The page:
By Joe Millis
July 13, 2011
If he were to visit Israel today, Theodore Herzl, the founder of Zionism would probably have a heart attack and promptly die. He'd probably tear up Altneuland and Der Judenstaat, too, seeing how illiberal his dream had become.
The introduction of the anti-boycott law -- among the many signs (along with the racist state-employed rabbis, the loyalty law, the reception committee law and the now an attempt to dictate who gets to sit in the Supreme Court) that Israel is sliding towards isolationism and fascism. Those who want a return to ghetto life are ruling the roost. When I said the far right and the settlements were toxic, I didn't realise how poisonous they were. Now it is becoming apparent.
In the novel, Altneuland, Herzl describes a modern, social-democratic pluralistic Jewish state in which Arabs and Jews have equal rights and racist sentiments are unpopular.
[It] depicts his blueprint for the realization of Jewish national emancipation, as put forward in his book Der Judenstaat (The Jewish State) published in 1896. Both ideological and utopian, it presents a model society which was to adopt a liberal and egalitarian social model, resembling a modern welfare state. Herzl called his model "Mutualism" and it is based on a mixed economy, with public ownership of the land and natural resources, agricultural cooperatives state welfare, while at the same time encouraging private entrepreneurship. A true modernist, Herzl rejected the European class system, yet remained loyal to Europe’s cultural heritage.
Rather than imagining the Jews in Altneuland speaking exclusively Hebrew, the society is multi-lingual – with German, Hebrew and Yiddish being the main languages and reproducing European customs, going to the opera and enjoying the theatre. While Jerusalem is the capital, with the seat of parliament ("Congress") and the Jewish Academy, the country's industrial center is the modern city of Haifa. In the actual Israel, this role was to be taken by Tel Aviv, a city which did not yet exist at the time of writing and whose name was inspired by the book itself.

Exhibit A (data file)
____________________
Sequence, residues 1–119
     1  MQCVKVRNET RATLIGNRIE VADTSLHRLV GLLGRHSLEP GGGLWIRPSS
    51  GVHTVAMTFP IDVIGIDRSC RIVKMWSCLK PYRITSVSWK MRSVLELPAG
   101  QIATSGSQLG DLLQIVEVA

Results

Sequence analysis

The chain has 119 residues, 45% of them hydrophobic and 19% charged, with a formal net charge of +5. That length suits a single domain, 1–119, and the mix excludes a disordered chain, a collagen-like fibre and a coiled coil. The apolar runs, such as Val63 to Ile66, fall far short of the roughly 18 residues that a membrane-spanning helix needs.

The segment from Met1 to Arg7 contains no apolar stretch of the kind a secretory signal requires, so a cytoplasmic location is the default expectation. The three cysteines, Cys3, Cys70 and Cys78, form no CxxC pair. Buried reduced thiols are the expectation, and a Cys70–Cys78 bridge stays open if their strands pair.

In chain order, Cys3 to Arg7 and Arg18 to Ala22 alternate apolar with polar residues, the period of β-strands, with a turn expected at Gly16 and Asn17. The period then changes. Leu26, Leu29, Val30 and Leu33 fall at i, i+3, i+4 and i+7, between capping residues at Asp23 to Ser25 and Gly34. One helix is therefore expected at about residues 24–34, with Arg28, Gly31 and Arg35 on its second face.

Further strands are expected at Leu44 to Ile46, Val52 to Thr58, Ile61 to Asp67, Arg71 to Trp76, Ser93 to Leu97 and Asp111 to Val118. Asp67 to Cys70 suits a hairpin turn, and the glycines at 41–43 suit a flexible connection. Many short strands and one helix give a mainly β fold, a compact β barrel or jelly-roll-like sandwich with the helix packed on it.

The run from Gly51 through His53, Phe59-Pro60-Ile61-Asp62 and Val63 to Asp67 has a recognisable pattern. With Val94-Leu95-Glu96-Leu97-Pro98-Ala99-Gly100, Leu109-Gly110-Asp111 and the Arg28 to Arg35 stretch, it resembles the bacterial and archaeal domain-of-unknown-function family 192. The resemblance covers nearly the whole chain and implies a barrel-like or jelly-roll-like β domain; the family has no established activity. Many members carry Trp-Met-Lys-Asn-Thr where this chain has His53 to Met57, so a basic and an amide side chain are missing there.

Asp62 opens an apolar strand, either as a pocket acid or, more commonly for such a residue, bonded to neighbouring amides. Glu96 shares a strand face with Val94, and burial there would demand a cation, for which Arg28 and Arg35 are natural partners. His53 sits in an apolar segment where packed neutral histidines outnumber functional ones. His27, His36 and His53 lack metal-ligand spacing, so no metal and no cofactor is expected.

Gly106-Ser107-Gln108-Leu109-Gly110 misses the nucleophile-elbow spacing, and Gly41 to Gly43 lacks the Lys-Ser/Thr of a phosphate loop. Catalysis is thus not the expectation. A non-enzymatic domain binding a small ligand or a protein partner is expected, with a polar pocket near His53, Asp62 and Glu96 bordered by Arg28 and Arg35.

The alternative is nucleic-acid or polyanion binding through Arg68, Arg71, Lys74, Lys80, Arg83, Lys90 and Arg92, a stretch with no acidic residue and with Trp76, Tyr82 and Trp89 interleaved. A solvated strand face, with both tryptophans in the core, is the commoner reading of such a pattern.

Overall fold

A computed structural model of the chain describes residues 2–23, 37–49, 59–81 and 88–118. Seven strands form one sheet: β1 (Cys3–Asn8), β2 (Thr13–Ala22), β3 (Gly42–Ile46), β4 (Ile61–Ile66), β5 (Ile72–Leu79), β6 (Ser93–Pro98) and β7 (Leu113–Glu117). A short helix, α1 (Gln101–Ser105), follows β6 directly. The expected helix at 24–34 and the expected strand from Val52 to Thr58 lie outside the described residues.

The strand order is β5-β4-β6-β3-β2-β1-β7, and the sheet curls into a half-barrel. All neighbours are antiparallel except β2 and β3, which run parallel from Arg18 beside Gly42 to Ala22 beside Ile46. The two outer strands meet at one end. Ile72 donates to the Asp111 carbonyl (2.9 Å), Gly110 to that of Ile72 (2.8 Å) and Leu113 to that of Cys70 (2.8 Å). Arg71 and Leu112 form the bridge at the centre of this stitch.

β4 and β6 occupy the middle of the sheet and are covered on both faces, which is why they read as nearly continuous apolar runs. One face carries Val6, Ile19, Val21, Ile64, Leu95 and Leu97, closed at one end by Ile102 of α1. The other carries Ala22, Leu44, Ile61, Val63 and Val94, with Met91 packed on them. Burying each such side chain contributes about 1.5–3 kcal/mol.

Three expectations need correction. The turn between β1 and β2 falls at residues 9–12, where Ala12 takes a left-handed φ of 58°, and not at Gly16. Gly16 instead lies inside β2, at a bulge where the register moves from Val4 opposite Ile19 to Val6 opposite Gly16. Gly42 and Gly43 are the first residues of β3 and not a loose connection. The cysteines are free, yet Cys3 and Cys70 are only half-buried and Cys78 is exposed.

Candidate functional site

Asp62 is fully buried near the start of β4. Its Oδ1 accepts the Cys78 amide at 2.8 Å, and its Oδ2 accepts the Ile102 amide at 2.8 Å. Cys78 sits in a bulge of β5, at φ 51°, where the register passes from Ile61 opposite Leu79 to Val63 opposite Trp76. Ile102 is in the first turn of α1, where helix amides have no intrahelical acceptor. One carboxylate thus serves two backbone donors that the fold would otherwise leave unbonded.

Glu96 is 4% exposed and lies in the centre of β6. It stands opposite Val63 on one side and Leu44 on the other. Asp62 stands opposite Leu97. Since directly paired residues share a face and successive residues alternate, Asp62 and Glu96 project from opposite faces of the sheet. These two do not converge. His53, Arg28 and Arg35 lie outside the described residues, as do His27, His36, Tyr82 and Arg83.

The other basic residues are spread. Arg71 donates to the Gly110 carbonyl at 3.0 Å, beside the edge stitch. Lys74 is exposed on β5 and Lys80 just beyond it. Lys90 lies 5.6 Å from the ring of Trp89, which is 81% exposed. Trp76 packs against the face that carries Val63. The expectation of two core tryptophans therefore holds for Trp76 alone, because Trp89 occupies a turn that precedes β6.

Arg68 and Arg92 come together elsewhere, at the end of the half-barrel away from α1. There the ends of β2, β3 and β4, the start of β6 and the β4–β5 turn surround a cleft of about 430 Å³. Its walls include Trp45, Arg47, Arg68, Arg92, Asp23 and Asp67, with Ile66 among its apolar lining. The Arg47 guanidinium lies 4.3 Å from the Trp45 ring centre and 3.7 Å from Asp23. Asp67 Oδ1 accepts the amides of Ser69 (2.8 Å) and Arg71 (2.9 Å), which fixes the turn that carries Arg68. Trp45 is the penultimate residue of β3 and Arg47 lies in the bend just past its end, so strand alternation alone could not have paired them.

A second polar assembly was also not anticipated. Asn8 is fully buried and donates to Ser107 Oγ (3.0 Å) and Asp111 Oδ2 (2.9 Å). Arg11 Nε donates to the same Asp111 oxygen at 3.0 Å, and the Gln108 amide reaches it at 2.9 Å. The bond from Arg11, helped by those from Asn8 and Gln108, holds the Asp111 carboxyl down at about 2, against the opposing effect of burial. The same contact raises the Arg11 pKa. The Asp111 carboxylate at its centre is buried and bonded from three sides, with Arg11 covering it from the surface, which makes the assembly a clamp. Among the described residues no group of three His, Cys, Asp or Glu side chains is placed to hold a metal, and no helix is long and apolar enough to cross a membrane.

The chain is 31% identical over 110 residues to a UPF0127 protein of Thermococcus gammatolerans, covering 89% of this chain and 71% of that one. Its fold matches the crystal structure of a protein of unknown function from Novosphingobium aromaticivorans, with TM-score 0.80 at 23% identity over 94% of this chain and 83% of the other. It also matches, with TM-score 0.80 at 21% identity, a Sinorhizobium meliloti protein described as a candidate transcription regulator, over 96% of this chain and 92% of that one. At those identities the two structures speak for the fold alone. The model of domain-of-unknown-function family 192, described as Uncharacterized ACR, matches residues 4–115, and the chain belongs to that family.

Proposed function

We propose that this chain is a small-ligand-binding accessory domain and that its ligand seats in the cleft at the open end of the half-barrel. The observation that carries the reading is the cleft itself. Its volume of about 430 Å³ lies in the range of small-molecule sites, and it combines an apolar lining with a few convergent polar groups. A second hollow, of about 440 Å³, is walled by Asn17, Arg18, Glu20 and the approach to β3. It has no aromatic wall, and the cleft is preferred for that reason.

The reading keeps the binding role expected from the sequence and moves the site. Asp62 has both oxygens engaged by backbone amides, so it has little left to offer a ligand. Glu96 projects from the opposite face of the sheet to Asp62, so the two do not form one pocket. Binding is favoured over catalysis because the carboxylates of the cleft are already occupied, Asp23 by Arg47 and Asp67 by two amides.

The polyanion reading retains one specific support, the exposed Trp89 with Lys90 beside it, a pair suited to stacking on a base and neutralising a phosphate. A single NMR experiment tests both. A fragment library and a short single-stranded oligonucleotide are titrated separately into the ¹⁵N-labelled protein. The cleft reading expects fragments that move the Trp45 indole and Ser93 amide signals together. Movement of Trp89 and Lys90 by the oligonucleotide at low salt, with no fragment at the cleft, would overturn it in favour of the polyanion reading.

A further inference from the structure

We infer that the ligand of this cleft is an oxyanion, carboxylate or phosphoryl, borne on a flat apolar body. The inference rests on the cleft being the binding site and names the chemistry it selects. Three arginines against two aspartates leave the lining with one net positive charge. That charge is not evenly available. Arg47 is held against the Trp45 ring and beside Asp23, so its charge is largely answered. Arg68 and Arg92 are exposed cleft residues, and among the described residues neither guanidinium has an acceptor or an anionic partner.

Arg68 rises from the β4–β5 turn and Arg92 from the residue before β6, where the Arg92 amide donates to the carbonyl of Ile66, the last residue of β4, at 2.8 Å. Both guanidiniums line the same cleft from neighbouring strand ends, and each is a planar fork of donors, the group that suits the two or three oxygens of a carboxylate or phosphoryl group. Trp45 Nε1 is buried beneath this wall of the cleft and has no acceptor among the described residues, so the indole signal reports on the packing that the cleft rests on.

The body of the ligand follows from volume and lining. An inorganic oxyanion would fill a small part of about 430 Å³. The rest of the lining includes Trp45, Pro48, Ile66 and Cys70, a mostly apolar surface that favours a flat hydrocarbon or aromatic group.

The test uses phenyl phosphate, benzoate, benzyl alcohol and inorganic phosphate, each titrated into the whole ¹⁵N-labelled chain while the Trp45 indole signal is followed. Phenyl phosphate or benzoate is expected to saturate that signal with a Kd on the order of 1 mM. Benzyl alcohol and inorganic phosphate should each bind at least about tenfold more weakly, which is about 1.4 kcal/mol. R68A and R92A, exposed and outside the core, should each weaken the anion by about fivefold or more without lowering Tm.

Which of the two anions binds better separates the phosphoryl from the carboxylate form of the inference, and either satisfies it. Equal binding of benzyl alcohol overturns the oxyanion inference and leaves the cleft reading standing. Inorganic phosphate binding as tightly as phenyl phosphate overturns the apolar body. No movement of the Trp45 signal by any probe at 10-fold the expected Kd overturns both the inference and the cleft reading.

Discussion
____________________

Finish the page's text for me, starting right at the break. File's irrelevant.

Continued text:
Herzl saw the potential of Haifa Bay for constructing a modern deep-water port. However, in reality it would be the British Empire rather than the Zionists which would realise that potential and make considerable strategic use of it during the Second World War. Though Israel would eventually inherit the Haifa port and city, by 1948 the central role of Tel Aviv was established, with Haifa – though a major Israeli city – relegated to a secondary position.
As envisioned by Herzl, "All the way from Acco to Mount Carmel stretched what seemed to be one great park". In the actual Israel the very same area became a giant industrial zone, reckoned the most heavily polluted part of the country.
In Herzl's vision, the Temple will be rebuilt, but not on the site of the original Temple Mount, and it would be much more like a modern synagogue (no animal sacrifices, for example). Hence there would be no Arab opposition to it. One of the major characters in the novel, an Arab engineer from Haifa, Reshid Bey, tells the protagonists that the Jews had in no way harmed him, but on the contrary, increased the value of his property and helped developed and modernize Arab villages. The Arab residents of the country are full fledged citizens, vote in elections and are represented in leading positions.
So what went wrong with this vision? Easy, Israelis acquiesced in the occupation and never paid a price, making them think that they were never in the wrong. But when things started to go wrong, the zealots and their mates abroad did what zealots always do, instill an atmosphere of fear. A whole line of thinking was delegitimised and was in effect made illegal - pour encourager les autres. Israel has had one PM assassinated. No doubt the zealots of the Jewish Brotherhood will resort to murder again if les autres aren't encourager enough.
Remember Emil Grunsweig. Remember Yitzhak Rabin and boycott the settlements.
Anyway, on that cheery note, I'm off down the Chief Rabbi's Arms to mourn the passing of Israel.